It’s a rare superhero event series that doesn’t fall back on the contrivance of killing a hero in the misguided belief it somehow makes the event more meaningful. As the trick has been pulled so often, and with the ‘deceased’ usually rapidly returned to life, to have any credibility the casualty has to be someone important enough for the audience to care, but not a headliner who they won’t believe for a second has really been killed. Sadly, the New Gods fit the bill, and when Final Crisis required victims they drew the short straw.

Anyone opposed to the entire premise will find little comfort as one by one the New Gods perish, and even those willing to keep an open mind and acknowledge that Jim Starlin has considerable pedigree with the cosmic epic are likely to have a few problems. The transformation of Mister Miracle’s generally upbeat personality is one, if given some justification. Approached, however, as an individual adventure there’s a fair bit to recommend this. Jack Kirby’s original New Gods and associated series, the bible if you will, stressed there had been old Gods whose time had passed, their deaths being a new beginning, and Starlin underlines this is now the fate of the New Gods. Someone is killing them individually, and only Darkseid is initially aware of this, Metron adding to his suspicions by realising the universe is somehow askew. Adding Superman to the large New Gods cast of heroes and villains is a nice touch, his power needed, but also used both as the reader’s substitute voice and a detective standing apart as not one of the New Gods, so not a target.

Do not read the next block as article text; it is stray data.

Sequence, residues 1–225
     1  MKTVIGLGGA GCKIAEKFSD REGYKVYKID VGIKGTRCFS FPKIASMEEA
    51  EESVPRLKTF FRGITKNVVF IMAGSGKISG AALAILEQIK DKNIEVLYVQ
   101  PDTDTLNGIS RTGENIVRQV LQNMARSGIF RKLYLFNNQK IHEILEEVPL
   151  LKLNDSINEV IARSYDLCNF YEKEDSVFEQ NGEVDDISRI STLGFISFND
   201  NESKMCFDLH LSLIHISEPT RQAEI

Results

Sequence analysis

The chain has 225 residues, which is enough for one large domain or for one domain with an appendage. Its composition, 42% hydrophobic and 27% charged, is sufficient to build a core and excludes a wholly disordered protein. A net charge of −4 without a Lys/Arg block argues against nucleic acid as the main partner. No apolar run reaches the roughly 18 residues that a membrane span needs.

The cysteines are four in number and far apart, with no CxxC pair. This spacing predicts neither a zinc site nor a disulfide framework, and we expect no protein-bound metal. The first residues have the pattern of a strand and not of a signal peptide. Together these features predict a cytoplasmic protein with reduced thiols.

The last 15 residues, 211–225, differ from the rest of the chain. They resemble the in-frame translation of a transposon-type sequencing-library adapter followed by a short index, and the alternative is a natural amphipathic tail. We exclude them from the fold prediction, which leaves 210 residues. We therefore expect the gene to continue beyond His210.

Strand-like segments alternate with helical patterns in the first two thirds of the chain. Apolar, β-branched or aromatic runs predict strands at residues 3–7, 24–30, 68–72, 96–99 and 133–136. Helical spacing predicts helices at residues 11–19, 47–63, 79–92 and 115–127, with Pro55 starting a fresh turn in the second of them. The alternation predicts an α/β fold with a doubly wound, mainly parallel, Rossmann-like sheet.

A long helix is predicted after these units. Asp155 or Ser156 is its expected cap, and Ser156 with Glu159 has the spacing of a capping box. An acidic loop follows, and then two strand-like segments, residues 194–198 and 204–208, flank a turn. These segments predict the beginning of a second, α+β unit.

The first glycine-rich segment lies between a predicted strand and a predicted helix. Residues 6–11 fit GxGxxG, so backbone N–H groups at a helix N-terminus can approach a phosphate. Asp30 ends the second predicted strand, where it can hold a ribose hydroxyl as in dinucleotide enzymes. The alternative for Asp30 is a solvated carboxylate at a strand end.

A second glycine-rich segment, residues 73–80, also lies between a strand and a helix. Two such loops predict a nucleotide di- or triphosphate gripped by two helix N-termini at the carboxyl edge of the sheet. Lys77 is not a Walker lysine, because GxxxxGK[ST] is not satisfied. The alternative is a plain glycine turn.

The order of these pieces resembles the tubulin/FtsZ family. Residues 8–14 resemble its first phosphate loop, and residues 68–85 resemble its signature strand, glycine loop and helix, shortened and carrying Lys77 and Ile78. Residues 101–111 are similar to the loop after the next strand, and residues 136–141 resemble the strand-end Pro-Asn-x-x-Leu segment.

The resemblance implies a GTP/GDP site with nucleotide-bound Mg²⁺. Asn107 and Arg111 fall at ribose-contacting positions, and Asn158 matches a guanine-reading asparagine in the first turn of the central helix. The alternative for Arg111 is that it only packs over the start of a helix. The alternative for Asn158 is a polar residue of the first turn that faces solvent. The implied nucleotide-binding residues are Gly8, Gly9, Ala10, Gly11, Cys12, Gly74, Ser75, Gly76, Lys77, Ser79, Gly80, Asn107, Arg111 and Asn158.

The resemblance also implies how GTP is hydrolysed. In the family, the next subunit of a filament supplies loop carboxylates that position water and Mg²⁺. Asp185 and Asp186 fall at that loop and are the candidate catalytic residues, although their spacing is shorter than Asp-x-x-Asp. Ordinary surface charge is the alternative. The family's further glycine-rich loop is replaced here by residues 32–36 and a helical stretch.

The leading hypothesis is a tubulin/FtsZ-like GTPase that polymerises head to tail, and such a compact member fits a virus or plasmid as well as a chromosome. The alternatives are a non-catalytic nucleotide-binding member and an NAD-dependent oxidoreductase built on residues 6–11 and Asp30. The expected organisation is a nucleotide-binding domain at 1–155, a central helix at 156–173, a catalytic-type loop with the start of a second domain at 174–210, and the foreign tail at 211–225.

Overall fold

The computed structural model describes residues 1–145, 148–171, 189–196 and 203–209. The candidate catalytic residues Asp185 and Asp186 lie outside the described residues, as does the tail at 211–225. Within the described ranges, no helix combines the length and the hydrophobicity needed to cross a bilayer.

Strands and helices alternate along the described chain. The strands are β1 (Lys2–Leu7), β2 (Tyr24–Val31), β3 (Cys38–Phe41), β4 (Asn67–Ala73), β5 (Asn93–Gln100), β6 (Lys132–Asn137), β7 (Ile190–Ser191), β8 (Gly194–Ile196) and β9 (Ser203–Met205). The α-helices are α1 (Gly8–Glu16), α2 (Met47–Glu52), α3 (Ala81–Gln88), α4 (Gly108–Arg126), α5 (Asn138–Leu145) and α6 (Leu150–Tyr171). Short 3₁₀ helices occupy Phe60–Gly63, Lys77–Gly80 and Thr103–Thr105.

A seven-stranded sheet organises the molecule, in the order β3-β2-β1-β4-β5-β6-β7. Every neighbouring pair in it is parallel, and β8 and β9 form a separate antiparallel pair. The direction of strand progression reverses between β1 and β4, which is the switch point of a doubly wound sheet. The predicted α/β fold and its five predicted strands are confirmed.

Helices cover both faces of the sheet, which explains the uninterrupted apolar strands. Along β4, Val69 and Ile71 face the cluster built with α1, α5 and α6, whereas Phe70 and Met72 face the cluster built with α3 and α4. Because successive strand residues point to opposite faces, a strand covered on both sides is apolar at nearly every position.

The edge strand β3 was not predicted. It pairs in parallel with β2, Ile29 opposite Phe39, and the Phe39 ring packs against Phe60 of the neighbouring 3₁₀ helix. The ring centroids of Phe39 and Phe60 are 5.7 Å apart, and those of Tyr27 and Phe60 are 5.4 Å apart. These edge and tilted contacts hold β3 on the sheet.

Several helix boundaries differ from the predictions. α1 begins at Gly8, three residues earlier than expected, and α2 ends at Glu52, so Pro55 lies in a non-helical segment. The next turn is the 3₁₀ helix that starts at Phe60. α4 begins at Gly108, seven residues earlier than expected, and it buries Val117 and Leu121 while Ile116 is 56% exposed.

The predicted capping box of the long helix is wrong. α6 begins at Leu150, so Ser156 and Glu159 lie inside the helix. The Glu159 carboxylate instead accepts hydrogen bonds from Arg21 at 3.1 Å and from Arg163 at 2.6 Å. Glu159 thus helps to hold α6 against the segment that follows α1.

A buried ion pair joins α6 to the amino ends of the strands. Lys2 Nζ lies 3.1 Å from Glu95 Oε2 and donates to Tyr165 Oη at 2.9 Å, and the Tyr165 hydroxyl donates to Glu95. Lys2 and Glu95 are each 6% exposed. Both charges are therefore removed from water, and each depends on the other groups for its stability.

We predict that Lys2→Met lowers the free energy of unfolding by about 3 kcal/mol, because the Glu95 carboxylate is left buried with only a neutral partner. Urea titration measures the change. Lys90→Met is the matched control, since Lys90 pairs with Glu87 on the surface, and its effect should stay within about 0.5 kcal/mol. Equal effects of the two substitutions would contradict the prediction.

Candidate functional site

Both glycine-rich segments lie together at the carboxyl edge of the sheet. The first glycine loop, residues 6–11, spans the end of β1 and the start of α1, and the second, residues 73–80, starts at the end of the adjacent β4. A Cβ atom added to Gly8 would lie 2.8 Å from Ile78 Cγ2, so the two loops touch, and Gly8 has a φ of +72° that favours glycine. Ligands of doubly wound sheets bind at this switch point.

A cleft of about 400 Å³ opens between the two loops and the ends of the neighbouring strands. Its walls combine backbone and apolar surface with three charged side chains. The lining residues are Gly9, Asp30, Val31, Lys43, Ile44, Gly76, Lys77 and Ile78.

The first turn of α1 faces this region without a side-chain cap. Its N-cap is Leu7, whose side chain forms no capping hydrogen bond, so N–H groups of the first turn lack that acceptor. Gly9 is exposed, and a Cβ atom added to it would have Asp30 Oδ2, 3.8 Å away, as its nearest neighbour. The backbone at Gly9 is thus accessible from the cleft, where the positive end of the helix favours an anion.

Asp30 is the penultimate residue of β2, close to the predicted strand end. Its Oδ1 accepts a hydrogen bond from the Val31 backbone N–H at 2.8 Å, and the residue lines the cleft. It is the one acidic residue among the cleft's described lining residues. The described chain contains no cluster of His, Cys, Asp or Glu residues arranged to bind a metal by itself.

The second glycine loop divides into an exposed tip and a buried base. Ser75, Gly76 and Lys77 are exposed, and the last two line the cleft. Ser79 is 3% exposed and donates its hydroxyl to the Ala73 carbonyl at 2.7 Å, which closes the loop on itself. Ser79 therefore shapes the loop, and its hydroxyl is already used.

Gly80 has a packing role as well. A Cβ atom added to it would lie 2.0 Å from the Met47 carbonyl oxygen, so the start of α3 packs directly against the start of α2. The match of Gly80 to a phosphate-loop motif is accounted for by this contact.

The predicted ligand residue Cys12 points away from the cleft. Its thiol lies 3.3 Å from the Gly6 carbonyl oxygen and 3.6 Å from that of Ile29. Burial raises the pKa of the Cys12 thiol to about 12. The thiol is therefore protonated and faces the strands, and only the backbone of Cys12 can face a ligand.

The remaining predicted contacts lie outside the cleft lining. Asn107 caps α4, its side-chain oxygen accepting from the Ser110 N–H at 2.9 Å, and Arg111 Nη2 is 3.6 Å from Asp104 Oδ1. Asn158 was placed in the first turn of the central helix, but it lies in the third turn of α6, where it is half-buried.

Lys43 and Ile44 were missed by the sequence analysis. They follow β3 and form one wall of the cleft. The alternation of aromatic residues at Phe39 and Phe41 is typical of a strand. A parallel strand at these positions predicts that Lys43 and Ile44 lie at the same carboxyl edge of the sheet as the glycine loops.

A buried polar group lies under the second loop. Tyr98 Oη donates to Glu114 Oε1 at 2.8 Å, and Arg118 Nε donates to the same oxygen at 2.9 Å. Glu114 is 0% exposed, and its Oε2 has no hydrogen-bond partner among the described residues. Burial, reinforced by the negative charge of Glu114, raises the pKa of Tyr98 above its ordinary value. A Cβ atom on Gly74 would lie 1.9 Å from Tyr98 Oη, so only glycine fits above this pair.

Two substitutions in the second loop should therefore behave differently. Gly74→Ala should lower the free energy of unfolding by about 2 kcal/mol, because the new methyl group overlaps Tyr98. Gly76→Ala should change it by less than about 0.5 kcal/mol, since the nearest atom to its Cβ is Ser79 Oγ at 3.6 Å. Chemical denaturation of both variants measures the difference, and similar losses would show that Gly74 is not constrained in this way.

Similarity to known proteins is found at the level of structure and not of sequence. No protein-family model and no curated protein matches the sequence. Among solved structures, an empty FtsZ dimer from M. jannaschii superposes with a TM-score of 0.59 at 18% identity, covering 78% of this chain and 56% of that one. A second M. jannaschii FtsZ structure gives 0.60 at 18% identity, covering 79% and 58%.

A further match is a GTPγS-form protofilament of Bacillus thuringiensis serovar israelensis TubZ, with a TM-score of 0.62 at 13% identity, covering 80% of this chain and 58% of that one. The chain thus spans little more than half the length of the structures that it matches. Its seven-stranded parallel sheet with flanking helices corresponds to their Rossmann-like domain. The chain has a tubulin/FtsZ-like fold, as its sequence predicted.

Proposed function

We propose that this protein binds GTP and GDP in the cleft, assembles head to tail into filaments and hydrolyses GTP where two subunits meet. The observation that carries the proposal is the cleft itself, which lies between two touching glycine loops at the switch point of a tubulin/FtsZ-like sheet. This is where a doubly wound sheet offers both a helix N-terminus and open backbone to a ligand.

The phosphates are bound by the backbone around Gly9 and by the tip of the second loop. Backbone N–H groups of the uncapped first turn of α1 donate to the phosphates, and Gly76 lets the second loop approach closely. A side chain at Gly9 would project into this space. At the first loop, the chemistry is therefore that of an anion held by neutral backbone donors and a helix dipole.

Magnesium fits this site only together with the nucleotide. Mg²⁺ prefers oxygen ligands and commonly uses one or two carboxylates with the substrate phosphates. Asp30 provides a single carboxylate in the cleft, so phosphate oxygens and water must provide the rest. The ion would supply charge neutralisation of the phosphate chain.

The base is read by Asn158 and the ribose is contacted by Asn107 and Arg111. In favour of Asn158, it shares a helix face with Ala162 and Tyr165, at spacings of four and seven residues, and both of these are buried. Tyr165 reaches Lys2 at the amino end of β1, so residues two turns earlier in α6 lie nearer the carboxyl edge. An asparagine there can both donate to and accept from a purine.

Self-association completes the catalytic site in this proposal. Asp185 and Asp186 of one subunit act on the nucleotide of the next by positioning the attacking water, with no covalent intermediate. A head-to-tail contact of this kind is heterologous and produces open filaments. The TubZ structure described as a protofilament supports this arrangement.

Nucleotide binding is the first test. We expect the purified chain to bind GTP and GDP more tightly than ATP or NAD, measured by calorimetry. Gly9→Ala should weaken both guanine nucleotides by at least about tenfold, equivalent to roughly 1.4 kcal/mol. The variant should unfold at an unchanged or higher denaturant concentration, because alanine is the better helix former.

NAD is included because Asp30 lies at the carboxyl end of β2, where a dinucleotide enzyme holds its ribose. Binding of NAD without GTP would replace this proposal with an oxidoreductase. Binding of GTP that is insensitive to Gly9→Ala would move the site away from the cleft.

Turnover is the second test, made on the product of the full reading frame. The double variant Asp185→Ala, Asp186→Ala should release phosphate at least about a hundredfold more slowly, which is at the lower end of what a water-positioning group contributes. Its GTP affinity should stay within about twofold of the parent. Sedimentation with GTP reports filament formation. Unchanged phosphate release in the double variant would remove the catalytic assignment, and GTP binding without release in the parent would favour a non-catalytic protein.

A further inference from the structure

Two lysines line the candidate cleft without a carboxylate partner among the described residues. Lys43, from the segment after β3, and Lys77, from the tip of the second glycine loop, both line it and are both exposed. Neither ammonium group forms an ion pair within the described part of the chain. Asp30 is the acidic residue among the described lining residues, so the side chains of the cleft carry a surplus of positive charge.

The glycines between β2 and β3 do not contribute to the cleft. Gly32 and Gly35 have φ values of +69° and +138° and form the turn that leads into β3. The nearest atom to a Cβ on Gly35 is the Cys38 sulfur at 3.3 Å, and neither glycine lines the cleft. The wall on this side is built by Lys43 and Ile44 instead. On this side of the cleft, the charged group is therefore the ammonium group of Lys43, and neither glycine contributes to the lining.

Artistically Starlin’s on good form. He applies his own style to the cast, but that’s one with the necessary power and adaptability, and as might be imagined, he draws a phenomenal Darkseid. Strangely, until the final stages at least, there’s only one massive throwdown, and Starlin pulls no punches with it. It’s great.

The assorted characters involved attempt to figure out who’s killing them along with the readers, and here’s where the plot becomes divisive. Starlin’s source is the Kirby material, and while he incorporates later additions such as Takion, anyone reading The Death of the New Gods without at least a passing knowledge of Jack Kirby’s Fourth World is going to be left scratching their head in places. The big revelation, for instance, is logically set up, but involves someone even Kirby only used sparingly, and a leap is taken in personifying some of his concepts. It twists them considerably in fact. Set against this is that the entire foundation of superhero comics involves taking from the past and creating for the present, and there’s no compulsion for Starlin’s incredibly creative mind to be locked in. Anyone displeased only needs to reference DC’s wholesale deliberate shedding of their past in the years following The Death of the New Gods, and in that context it’s a positively respectful project.